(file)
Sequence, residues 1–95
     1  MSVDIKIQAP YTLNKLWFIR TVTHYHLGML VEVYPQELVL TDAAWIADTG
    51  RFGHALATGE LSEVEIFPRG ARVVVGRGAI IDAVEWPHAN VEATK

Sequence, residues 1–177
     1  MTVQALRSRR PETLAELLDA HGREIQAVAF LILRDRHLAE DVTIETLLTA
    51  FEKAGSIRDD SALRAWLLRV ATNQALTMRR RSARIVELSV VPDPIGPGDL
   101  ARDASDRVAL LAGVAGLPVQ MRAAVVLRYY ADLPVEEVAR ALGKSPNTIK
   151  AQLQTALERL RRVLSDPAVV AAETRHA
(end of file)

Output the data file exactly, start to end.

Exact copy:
Sequence, residues 1–95
     1  MSVDIKIQAP YTLNKLWFIR TVTHYHLGML VEVYPQELVL TDAAWIADTG
    51  RFGHALATGE LSEVEIFPRG ARVVVGRGAI IDAVEWPHAN VEATK

Sequence, residues 1–177
     1  MTVQALRSRR PETLAELLDA HGREIQAVAF LILRDRHLAE DVTIETLLTA
    51  FEKAGSIRDD SALRAWLLRV ATNQALTMRR RSARIVELSV VPDPIGPGDL
   101  ARDASDRVAL LAGVAGLPVQ MRAAVVLRYY ADLPVEEVAR ALGKSPNTIK
   151  AQLQTALERL RRVLSDPAVV AAETRHA